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The cryogenic system for maintaining a target at a constant temperature in the range 5–25 K after shutting off the pulse tube (PT) cryogenic refrigerator is developed and tested. The temperature stability at the sample is ±2 mK for at least 20 hours. The cryogenic setup consists of cryostat, PT cryocooler, liquid helium vessel, helium gas supply, thermo-radiation shield, thermal resistance. The system provides 0.25 W of cooling power at the target. The appropriate thermal resistance should be used for different temperatures. The designed operation mode is 3 minutes off and 15 minutes on. The deactivation of PT cryocooler allows to achieve the target position stability of 1 micrometer or less during the X-ray characterization. The effect of neutron-shield was estimated using Monte-Carlo simulation.
The experimental results of the activation spectra, dose rate
measurements, and the residual nuclide production cross sections
obtained after the irradiation of the NatCu and
59Co targets by 12C ion beams at ITEP and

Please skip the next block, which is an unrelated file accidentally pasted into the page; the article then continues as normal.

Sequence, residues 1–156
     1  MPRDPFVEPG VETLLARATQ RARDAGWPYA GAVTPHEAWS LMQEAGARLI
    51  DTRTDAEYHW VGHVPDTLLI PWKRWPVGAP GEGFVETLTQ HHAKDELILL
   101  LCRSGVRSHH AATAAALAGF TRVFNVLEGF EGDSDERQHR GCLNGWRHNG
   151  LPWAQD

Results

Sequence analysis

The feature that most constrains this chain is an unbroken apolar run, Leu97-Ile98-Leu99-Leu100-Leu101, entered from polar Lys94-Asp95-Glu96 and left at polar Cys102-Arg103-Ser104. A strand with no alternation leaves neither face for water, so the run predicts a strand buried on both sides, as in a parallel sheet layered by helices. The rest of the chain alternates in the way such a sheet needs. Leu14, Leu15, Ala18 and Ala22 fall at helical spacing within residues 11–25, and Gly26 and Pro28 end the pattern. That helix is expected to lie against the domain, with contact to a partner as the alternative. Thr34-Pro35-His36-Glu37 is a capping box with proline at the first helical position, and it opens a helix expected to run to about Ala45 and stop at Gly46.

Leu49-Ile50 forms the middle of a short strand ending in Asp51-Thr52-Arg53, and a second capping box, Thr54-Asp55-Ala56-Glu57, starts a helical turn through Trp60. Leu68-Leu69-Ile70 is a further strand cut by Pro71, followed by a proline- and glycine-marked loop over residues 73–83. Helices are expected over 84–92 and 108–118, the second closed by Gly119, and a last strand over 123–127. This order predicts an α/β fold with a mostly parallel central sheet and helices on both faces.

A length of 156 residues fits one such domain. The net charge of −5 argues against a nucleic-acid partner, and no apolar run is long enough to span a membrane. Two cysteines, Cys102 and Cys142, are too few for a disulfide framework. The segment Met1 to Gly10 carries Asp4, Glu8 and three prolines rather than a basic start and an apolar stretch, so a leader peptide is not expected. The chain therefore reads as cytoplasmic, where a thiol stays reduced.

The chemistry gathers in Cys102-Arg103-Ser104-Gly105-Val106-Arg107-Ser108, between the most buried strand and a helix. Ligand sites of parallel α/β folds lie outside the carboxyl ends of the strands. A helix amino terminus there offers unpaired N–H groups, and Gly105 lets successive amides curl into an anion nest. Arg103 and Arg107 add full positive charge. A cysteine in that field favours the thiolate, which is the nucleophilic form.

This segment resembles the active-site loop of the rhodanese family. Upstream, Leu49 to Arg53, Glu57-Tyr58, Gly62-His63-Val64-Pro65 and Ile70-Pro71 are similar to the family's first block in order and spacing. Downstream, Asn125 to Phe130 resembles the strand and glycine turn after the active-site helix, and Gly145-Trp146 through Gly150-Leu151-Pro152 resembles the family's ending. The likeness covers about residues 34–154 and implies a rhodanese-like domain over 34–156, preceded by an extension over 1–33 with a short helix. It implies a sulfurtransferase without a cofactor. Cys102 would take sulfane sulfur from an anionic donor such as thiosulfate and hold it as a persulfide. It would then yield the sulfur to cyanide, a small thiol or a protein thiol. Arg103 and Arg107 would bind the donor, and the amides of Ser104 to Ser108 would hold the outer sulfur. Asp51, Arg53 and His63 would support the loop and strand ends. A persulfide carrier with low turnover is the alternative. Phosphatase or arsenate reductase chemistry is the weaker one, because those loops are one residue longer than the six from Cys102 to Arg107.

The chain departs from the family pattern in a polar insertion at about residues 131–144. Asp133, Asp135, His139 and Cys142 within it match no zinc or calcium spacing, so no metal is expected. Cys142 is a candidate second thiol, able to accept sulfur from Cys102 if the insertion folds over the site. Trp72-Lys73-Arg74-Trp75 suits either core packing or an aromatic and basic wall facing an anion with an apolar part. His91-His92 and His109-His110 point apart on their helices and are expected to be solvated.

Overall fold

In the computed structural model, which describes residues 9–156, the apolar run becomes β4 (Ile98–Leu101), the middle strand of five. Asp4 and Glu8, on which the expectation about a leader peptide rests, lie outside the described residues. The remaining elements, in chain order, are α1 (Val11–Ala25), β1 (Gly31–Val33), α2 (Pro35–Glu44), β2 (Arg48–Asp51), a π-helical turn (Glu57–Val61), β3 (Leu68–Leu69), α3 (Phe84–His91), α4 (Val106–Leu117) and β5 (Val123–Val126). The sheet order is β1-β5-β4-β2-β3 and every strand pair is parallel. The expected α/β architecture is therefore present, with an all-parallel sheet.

GSI are presented in this paper. These results are compared with
simulations by the CASCADE and LAQGSM codes.
The X-ray spectral distribution of swift heavy Ti and Ni ions
(11 MeV/u) observed inside aerogels (ρ = 0.1
g/cm3) and dense solids (quartz, ρ = 2.23
g/cm3) indicates a strong presence of simultaneous
3–5 charge states with one K-hole. We show that the
theoretical analysis can be split into two tasks: first, the
treatment of complex autoionizing states together with the
originating spectral distribution, and, second, a charge-state
distribution model. Involving the generalized line profile function
theory, we discuss attempts to couple charge-state distributions.
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